Month: December 2013

Day 70: Reflections Of A Year Unlike Any Other:

Idan last December

Idan last December

It’s hard to believe that there was a time when we weren’t fighting for Idan. When he was “well” and we were blissfully happy (read: ignorant). Last New Years Eve, Akiva and I popped open a bottle of champagne and toasted to our wonderful life with our incredible baby boy, only 5 months old at the time. He slept sweetly in the other room. None of us could have possibly comprehended how our world would be shaken over the course of the next year, and even now we shake our heads in shock.

End of yearFast forward to the end of March, when my mother asked if we noticed that Idan was breathing quickly that day. It was the last day he would play with his cousins Ryan and Brandon for an indefinite amount of time. And two weeks later, we were rushed to the hospital by ambulance to save his life. Little Idan spent three weeks in the pediatric ICU hooked up to a ventilator, unable to breathe on his own. A diagnosis of pneumocystis pneumonia would lead to an eventual diagnosis of X-Linked Hyper IgM, and our lives suddenly changed course.

The following months took us on a journey to find a cure, and led us to Seattle for a bone marrow transplant. We fought and won battles with the insurance company and, with your help, raised over $250,000 to pay for the mounting expenses and cover the cost of transplant. We were showered in warm wishes, prayers, and love from hundreds, if not thousands, of friends, family, and complete strangers. People the world over connected to us, to each other, all worried about Idan. In late September, after a last-minute scramble to find safe transport to Seattle, we were blessed by the kindness of a humble man who shared his private jet to the west coast with us, and we were welcomed into the home of a wonderful family for the weeks of pre-transplant testing. We spent the latter half of October and most of November in the hospital for Idan’s bone marrow transplant, and have been in and out of the hospital and out-patient clinic ever since. All in a year’s work.

For the past several months, we’ve been living in a suspended reality of sorts. We’ve set up a temporary home here in Seattle, and we have been fortunate enough to have family visit frequently. By some miracle, Idan has thrived. In one year, he has gone from barely sitting up to full-on walking and talking, despite every obstacle that has threatened to throw him off course. Neither the ventilator, the isolation from other children and crowds, the multitude of x-rays, blood draws, and other tests, the chemotherapy, the bone marrow transplant, being tethered to Johnny Five for hours and days on end, living in the hospital for over a month on two separate occasions, dozens of medications he takes every day, nor the constant fussing over him by his worried parents have slowed him down. Not. One. Bit.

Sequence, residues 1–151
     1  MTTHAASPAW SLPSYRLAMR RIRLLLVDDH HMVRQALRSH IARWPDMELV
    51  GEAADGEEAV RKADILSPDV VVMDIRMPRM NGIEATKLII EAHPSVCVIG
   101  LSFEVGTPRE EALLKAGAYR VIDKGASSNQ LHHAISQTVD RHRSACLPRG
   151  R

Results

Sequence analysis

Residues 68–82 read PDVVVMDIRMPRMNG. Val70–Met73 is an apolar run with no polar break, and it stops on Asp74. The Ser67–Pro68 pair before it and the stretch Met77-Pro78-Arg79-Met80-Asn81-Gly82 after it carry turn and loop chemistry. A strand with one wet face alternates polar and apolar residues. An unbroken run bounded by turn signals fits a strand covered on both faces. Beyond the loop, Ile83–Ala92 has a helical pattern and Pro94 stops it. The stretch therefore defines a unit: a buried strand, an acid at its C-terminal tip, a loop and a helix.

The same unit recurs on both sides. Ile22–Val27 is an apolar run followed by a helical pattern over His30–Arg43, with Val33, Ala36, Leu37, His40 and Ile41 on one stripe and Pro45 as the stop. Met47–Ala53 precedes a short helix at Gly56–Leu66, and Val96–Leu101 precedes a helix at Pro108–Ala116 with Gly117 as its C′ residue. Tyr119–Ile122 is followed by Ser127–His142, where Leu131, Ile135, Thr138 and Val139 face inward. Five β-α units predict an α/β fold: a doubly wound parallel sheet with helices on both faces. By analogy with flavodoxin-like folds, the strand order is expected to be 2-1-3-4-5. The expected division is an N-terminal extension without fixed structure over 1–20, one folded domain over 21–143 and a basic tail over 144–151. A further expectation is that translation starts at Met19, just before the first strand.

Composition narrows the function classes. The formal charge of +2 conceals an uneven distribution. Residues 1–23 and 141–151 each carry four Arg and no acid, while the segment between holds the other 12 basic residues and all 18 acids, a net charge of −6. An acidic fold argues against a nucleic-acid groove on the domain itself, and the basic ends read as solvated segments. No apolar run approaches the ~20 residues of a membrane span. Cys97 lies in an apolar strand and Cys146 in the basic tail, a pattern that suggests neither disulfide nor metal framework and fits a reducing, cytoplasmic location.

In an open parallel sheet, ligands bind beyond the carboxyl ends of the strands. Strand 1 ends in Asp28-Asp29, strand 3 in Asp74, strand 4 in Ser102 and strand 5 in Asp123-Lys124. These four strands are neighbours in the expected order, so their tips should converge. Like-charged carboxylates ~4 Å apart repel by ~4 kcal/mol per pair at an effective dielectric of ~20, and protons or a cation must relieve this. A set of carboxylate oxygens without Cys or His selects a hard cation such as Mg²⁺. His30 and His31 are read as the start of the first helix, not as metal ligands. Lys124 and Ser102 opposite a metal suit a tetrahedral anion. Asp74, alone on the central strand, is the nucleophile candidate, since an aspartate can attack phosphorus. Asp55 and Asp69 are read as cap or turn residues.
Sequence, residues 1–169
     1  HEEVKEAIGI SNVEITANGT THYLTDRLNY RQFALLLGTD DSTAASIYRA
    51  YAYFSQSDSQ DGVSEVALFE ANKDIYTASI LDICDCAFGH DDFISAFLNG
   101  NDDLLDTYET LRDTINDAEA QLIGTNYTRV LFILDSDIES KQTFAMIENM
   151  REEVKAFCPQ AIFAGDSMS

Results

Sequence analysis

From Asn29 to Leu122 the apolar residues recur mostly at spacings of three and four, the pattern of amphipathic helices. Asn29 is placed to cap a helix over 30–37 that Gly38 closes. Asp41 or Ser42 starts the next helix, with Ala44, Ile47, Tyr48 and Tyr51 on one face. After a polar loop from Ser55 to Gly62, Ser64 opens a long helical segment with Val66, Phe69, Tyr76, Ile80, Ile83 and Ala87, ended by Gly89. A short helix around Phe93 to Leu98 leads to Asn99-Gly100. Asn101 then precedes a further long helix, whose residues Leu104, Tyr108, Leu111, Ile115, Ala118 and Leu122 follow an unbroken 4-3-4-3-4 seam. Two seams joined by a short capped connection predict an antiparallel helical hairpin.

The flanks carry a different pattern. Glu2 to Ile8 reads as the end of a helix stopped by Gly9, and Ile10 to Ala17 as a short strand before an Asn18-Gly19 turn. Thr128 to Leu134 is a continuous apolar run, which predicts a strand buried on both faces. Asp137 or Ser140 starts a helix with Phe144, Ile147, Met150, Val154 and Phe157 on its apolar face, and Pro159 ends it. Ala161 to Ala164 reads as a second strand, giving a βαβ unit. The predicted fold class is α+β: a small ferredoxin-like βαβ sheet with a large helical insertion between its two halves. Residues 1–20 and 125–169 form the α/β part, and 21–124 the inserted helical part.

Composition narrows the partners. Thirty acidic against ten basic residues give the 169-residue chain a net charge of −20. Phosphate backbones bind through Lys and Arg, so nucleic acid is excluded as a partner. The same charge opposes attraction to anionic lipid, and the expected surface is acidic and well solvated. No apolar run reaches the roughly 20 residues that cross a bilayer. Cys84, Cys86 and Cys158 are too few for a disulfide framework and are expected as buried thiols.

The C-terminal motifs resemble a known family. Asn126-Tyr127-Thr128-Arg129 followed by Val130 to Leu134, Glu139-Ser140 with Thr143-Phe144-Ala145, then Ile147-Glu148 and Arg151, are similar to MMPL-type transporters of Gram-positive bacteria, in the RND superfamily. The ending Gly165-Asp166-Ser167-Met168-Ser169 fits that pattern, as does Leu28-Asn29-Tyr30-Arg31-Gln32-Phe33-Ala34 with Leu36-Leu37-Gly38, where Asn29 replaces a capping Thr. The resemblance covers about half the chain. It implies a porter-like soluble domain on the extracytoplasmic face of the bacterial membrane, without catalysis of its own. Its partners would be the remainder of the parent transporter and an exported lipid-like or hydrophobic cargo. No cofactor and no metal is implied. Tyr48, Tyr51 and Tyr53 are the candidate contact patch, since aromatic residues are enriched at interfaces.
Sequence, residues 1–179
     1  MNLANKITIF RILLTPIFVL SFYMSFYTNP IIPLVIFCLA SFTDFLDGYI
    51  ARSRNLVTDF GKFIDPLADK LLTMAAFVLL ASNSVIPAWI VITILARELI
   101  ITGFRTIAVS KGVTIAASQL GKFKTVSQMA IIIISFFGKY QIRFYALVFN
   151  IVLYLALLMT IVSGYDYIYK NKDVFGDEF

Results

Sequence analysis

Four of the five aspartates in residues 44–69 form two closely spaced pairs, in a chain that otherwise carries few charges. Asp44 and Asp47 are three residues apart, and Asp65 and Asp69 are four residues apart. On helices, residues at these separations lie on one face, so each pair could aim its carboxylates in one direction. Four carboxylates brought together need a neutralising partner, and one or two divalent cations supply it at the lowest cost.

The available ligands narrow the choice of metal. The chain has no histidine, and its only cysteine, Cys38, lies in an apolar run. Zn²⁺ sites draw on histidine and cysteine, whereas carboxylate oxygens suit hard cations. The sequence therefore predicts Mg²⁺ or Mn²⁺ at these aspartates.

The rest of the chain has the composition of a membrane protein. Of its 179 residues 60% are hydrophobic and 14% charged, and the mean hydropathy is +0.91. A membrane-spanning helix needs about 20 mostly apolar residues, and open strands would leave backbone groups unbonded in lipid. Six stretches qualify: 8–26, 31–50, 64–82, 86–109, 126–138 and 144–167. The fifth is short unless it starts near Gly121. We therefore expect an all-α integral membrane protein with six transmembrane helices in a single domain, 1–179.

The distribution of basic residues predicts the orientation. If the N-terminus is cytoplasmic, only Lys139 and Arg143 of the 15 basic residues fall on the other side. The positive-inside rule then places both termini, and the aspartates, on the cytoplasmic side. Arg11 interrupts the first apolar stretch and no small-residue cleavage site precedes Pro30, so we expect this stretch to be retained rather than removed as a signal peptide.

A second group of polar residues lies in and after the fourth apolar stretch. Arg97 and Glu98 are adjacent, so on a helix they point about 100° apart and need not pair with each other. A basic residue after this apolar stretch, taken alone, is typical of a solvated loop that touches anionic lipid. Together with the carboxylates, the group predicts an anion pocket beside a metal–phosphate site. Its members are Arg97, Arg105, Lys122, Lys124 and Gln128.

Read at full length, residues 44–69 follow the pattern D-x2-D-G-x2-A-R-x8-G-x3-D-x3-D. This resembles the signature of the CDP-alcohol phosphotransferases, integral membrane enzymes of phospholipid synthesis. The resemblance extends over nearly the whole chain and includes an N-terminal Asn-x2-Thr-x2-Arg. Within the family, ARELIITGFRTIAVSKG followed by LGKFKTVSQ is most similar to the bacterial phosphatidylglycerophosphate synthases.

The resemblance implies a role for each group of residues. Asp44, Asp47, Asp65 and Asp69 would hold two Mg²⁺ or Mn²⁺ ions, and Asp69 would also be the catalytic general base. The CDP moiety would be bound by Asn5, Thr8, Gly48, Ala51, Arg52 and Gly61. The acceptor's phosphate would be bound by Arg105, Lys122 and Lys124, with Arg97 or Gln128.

Today, as we reflect on this past year, although we may be sad for all that has happened and we mourn the many ways Idan has been deprived of a normal childhood, our hearts are full with love and pride when we think of our little superhero. Idan has never wavered, and forges forward, assuring us all will be okay in the year to come. We have high hopes for this year, and we hope and pray that it brings the ever-elusive cure we have been waiting for. We hope this year Idan will not have to endure more chemotherapy or another bone marrow transplant. We hope instead that his donor T-cells will grow and multiply and make a permanent home in his marrow. We hope this year Idan can go back to playing with his cousins, can visit his grandparents, aunts, and uncles, can go to the playground and play with children, without fear of catching a virus. We hope we can go back home to New York. We hope, we hope. In the meantime, we are enjoying every second of isolation with our little boy, who thankfully is a lively, entertaining, and delicious companion.

May all of you have a happy, healthy, and wonderful new year. Thank you for all your support!

All our love,

Amanda, Akiva & Idani

Day 69: Quality Time With Family

From Facebook:

Day 63: DLI went smoothly, hoping for a miracle!